|Builder:||Hull at Tangen Verft, Kragerø Outhfitting at Langsten Tomrefjord|
|Cost:||NOK 575 million (US$80 million)[Note 1]|
|Laid down:||9 August 2000|
|Launched:||17 February 2001|
|Commissioned:||15 December 2001|
|Identification:||IMO number: 8640387|
|Class and type:||Offshore patrol vessel|
|Length:||340.2 ft (103.7 m) (overall)
292 ft (89 m) (waterline)
|Beam:||62.6 ft (19.1 m)|
|Height:||27.2 ft (8.3 m)|
|Draught:||21.3 ft (6.5 m)|
|Installed power:||Four Rolls-Royce Bergen BRG-8 diesel generators (4 × 3,390 kW)|
Two ABB Azipod units (2 × 5 MW)
|Speed:||17.5 knots (32.4 km/h; 20.1 mph)|
|Complement:||50 (20 Officers and 45 Other Ranks split into 3 shifts with 2 shifts on board at any one time)|
|EADS TRS-3D /16 ES with IFF|
|Armament:||Bofors 57 mm
12.7 mm machine gun
|Aircraft carried:||Capacity for two helicopters; one Lynx carried initially, NH90 from 2009|
The Norwegian Coast Guard icebreaker and offshore patrol vessel KV Svalbard (W303) was constructed by Langsten AS at Tangen Verft shipyard in Kragerø and launched on 17 February 2001. She was christened 15 December in Tomrefjord with Minister of Defence Kristin Krohn Devold as godmother, and delivered to the Coast Guard on 18 January 2002. She entered service in mid-2002 and is homeported in Sortland. Her primary operating area is in the Arctic waters north of Norway, the Barents Sea and around the Svalbard islands.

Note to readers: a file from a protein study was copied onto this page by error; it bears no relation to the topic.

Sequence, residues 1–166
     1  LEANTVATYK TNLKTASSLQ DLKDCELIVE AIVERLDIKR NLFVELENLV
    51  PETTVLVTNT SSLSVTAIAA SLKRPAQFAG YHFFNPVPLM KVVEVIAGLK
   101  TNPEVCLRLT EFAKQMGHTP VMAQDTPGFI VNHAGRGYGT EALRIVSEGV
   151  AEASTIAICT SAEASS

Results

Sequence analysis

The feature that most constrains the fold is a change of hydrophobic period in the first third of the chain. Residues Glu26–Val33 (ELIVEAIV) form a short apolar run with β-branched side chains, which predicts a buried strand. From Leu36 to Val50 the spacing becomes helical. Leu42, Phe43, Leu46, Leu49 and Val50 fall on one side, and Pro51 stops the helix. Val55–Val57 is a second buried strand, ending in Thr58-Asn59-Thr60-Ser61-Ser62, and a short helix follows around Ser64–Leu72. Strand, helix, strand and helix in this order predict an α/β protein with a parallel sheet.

Svalbard is the largest ship in Norway's military armed forces (by tonnage), designed to supplement the 3 other helicopter carrying ships of the Norwegian Coast Guard - the Nordkapp class patrol vessels. She is NBC-protected with constant overpressure, and is capable of icebreaking and emergency towing up to 100.000 tons. The Norwegian coastline is generally free of ice, thus Svalbard is the only active Norwegian icebreaking-capable vessel. A double acting ship, Svalbard is designed to break ice both ahead and astern.
On 9 July 2007 the Canadian Broadcasting Corporation reported that Canadian Prime Minister Stephen Harper had announced that Canada would be building six to eight Arctic/Offshore Patrol Ships for the Royal Canadian Navy, modeled after the Svalbard's design, yet much more expensive.
- Radar and helicopter not included.